What It Means to Be American
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U.S. Consul General to Hong Kong and Macau, Kurt Tong

My Hidden Talent Is That I Can Build Stuff

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March 1, 2017

Kurt Tong was appointed U.S. Consul General to Hong Kong and Macau in June after serving as a diplomat for the State Department since 1990. His most recent previous assignment was Principal Deputy Assistant Secretary for the Bureau of Economic and Business Affairs at the Department of State. Before joining a Smithsonian/Zócalo “What It Means to Be American” panel entitled “What Role Will Hawaii Play in the Pacific Century?” he talked in the Zócalo green room about time travel, working at a racetrack, and why he feels guilty about watching Game of Thrones.

 
Q: You’ve recently moved to Hong Kong for your new assignment as U.S. Consul General. What’s most surprised you about living there?
A:
It’s more complicated than I expected. When I was headed there the thing I was concerned about is that it’s kind of a small place—Hong Kong could fit into the area of most U.S. counties. But it’s actually really diverse socially and economically. There are a lot of angles to it. I’ve found it fascinating.

Q: What do you do to decompress?
A:
Every morning I take a nice long walk. I’m fortunate to live in a neighborhood that is really green, up on a hillside.

Q: What’s your guilty TV pleasure?
A:
Game of Thrones. I think we should feel guilty about watching it because people are killing each other and being evil. It’s well produced but it’s hardly a thought challenger.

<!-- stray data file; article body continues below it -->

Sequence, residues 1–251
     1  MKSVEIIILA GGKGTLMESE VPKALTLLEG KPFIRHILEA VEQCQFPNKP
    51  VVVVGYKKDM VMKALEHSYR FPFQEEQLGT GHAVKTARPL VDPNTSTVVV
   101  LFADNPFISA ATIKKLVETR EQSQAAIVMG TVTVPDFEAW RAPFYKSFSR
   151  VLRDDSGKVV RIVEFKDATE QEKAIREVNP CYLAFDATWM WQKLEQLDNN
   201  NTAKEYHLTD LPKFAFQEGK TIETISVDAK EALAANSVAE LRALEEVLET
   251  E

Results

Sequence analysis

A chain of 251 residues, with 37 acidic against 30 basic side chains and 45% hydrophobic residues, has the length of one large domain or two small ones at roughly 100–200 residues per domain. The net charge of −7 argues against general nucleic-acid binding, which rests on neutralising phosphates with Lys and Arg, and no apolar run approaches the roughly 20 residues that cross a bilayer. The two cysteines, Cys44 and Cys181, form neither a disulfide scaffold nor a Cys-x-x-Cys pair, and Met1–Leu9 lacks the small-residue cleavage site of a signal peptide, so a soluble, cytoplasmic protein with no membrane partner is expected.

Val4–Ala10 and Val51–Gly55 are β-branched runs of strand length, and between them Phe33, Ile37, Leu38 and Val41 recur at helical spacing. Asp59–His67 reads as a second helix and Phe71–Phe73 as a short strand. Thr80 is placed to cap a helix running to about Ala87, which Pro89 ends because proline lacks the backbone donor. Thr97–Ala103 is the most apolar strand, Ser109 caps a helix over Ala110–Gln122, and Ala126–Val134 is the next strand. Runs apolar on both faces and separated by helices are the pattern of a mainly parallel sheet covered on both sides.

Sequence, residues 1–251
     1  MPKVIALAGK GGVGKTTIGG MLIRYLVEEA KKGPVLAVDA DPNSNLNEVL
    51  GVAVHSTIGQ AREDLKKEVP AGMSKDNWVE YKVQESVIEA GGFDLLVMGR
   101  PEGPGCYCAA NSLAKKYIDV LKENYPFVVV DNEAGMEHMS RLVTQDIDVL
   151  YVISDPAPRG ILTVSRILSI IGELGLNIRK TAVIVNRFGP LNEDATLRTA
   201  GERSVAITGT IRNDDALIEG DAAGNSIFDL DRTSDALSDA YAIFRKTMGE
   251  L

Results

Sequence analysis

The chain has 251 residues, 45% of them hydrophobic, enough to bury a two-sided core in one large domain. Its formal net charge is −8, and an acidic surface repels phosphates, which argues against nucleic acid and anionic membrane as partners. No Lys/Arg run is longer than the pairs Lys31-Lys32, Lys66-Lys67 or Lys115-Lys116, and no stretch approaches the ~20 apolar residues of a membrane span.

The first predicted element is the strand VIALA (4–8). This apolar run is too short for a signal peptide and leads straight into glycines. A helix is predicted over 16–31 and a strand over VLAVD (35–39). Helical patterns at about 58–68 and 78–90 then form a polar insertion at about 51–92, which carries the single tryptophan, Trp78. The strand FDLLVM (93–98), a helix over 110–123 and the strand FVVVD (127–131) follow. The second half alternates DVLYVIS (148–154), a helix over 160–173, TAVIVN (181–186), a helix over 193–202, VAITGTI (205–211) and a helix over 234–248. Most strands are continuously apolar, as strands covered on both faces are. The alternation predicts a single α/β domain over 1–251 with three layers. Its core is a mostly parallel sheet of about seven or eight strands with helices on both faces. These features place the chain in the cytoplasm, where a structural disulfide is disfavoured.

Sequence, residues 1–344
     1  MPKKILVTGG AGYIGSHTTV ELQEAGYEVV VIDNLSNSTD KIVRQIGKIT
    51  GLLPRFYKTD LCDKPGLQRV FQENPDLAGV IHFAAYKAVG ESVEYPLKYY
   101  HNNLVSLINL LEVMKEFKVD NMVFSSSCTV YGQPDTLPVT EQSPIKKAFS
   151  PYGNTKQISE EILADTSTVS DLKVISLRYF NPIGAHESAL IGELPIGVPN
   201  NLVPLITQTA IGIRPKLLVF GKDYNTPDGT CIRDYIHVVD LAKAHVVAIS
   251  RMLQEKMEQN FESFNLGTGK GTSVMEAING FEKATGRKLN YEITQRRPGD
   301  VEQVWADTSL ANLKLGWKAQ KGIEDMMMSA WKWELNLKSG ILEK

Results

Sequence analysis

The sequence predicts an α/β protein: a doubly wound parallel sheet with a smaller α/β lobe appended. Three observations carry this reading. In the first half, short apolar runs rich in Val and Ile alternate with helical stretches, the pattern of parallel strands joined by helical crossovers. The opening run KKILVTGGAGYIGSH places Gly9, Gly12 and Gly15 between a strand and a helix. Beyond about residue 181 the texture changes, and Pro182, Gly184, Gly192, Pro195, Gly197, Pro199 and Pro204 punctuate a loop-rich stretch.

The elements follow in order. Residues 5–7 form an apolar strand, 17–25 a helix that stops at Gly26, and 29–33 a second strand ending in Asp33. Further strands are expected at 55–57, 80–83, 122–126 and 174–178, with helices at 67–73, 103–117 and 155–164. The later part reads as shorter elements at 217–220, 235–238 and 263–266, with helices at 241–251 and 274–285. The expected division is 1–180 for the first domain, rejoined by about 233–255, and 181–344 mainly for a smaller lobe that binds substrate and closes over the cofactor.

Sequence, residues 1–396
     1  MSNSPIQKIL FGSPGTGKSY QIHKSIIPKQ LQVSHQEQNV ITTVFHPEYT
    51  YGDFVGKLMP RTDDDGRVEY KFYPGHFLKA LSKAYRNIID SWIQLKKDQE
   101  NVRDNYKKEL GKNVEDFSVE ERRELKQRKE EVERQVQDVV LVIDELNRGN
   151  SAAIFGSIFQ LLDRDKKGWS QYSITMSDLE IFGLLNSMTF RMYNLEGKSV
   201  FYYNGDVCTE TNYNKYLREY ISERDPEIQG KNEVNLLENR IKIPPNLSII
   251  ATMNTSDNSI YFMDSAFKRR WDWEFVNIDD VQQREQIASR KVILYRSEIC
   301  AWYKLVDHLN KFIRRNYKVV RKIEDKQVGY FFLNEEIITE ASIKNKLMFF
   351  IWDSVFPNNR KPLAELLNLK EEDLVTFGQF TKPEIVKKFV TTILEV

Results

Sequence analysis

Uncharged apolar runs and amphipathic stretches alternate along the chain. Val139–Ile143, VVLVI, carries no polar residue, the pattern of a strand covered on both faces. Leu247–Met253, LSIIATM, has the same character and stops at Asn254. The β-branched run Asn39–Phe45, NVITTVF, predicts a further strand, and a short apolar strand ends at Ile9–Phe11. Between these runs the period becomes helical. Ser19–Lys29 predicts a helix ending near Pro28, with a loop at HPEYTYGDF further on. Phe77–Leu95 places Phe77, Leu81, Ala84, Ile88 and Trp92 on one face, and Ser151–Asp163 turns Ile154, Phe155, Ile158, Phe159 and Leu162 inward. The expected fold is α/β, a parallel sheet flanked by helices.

Q: You grew up in the mountains of Western Massachusetts. What do you miss most?
A:
The seasons. Even when I’m living in a place that has seasons they’re not as nice as that part of New England. Autumn is just beautiful, and summer is perfect.

Q: What super power would you most like to have?
A:
Time travel. Definitely. No so much to go back and fix things, but just to see other ages, and then occasionally to go back and redo stuff you’ve done that day—or didn’t get to.

Q: What are you reading right now?
A:
Two books, one for work: A Modern History of Hong Kong, by Steve Tsang. And then I’m reading the latest in the Dragon Tattoo series, The Girl In The Spider’s Web. It’s not even written by the same author, but it’s a good series. Very entertaining.

Q: What’s your hidden talent?
A:
I know how to make stuff. I’ve done a lot of house construction work over the years, mostly involuntarily when I was a kid, but it left some residual skills that I don’t get to use these days.

Q: What’s the strangest job you’ve ever had?
A:
I would say it was walking dogs at a racetrack. First you put the dog in a cage and let it get angry for a few hours, then you took it to the starting gate and walked it along the track so everyone could get a look at it, and then you stuck it back at the box. The bizarre thing is you had to walk in formation with the other dogs and dog walkers, and if your dog had to relieve itself you had to stand there with it in front of everybody. That was also the first time I was ever fingerprinted—I was 18—there were worries about organized crime. It was a different world.

Q: What’s your comfort food?
A:
Lasagna.

Q: If you could play any musical instrument, what would you choose?
A:
Either piano or electric guitar. I play no musical instruments so that’s just a dream.

*Photo by Kenna Reed.